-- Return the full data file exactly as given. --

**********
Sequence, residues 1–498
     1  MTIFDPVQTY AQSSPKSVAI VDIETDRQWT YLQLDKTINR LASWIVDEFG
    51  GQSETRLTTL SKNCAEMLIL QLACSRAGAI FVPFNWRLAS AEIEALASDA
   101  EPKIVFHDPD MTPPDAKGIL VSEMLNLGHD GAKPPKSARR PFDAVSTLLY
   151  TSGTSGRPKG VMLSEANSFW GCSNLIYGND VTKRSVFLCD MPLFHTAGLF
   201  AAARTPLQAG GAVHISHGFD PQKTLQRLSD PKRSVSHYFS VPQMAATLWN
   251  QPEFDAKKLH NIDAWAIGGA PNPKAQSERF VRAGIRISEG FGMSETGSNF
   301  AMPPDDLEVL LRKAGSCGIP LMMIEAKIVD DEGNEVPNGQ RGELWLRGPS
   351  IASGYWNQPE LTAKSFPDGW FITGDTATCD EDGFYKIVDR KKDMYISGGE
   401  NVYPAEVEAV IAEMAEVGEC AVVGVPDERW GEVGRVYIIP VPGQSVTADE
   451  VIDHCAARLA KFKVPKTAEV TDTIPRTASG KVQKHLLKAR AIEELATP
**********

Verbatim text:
Sequence, residues 1–498
     1  MTIFDPVQTY AQSSPKSVAI VDIETDRQWT YLQLDKTINR LASWIVDEFG
    51  GQSETRLTTL SKNCAEMLIL QLACSRAGAI FVPFNWRLAS AEIEALASDA
   101  EPKIVFHDPD MTPPDAKGIL VSEMLNLGHD GAKPPKSARR PFDAVSTLLY
   151  TSGTSGRPKG VMLSEANSFW GCSNLIYGND VTKRSVFLCD MPLFHTAGLF
   201  AAARTPLQAG GAVHISHGFD PQKTLQRLSD PKRSVSHYFS VPQMAATLWN
   251  QPEFDAKKLH NIDAWAIGGA PNPKAQSERF VRAGIRISEG FGMSETGSNF
   301  AMPPDDLEVL LRKAGSCGIP LMMIEAKIVD DEGNEVPNGQ RGELWLRGPS
   351  IASGYWNQPE LTAKSFPDGW FITGDTATCD EDGFYKIVDR KKDMYISGGE
   401  NVYPAEVEAV IAEMAEVGEC AVVGVPDERW GEVGRVYIIP VPGQSVTADE
   451  VIDHCAARLA KFKVPKTAEV TDTIPRTASG KVQKHLLKAR AIEELATP